Annals of Science 50 (5):455-481 (1993)

Abstract
The outbreak of war in 1914 found Britain unprepared for a lengthy conflict. British science and industry were particularly ill-prepared to meet the demands of static warfare. Within two years, however, mobilization had made appreciable strides, and, as Britain's munitions industries moved from crisis to confidence, Britain's chemical industry was transformed by an arsenal of ‘garrison chemists’, with skills either born of necessity or borrowed from overseas. At the same time, Britain's chemical leadership traced a path that led them from voluntarist to corporate methods, from private to public initiatives, and from individual to collective behaviours. This paper suggests four key stages in this mobilization, and hints at the significance of the war for the emergence of new sub-disciplines, for the careers of chemists, for academic-government relations in research, and for the image, status, and international position of British chemistry on the threshold of the postwar world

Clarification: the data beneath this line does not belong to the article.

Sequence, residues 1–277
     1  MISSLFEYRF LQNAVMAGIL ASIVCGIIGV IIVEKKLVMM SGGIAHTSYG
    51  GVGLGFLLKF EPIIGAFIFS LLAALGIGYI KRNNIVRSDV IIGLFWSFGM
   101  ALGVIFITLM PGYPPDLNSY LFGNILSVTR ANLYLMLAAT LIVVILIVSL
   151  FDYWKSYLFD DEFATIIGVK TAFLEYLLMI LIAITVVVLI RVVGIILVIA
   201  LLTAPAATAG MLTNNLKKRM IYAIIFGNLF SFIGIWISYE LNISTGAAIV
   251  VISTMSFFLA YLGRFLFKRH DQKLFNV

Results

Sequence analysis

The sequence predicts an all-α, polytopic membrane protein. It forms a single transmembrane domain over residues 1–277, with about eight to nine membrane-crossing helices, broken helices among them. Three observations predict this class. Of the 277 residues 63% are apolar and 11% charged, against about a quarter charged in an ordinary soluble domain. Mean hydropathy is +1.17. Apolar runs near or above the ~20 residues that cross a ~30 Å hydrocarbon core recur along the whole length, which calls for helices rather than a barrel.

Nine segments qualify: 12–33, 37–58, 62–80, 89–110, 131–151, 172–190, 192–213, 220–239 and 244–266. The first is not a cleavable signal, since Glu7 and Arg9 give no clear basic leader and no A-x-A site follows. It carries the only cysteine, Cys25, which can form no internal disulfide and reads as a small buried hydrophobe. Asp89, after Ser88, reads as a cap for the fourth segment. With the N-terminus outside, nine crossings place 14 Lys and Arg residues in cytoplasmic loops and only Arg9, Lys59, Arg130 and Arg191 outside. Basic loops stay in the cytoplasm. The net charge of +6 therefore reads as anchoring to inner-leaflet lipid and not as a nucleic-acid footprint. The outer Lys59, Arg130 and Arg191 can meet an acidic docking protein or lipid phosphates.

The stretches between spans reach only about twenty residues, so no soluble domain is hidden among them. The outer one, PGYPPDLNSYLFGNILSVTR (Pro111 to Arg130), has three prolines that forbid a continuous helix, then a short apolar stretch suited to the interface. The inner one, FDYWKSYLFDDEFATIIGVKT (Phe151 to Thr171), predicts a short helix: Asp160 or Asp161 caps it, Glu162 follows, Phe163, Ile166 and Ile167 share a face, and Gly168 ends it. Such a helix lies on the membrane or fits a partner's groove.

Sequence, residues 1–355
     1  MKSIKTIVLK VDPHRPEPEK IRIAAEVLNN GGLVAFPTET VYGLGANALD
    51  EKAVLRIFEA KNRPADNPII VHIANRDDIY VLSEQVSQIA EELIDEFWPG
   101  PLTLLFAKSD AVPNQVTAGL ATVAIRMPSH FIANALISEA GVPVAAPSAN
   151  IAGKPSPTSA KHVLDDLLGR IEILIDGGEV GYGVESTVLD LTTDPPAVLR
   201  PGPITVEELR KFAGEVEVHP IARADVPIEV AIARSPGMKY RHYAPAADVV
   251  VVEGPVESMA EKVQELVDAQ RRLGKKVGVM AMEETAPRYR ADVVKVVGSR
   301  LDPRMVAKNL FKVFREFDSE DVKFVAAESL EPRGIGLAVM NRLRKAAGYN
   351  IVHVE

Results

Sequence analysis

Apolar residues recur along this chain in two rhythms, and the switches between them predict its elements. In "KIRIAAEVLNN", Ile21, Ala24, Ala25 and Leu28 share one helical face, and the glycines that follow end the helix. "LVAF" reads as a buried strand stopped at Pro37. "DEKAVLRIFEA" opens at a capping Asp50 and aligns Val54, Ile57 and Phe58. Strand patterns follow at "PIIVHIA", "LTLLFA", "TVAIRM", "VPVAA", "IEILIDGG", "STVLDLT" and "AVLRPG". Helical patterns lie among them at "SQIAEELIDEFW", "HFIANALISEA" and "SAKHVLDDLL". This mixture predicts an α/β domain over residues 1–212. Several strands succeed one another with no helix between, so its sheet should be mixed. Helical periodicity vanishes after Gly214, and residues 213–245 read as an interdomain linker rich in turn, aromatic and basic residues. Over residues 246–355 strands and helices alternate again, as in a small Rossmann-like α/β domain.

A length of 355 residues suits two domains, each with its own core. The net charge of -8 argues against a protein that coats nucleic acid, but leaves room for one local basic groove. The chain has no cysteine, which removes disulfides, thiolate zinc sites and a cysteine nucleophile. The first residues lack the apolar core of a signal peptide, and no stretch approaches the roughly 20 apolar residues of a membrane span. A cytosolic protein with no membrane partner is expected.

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DOI 10.1080/00033799300200341
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III.—The Organisation of Thought.A. N. Whitehead - 1917 - Proceedings of the Aristotelian Society 17 (1):58-76.
The Visible College.Gary Wersky - 1978 - Science and Society 54 (4):501-504.

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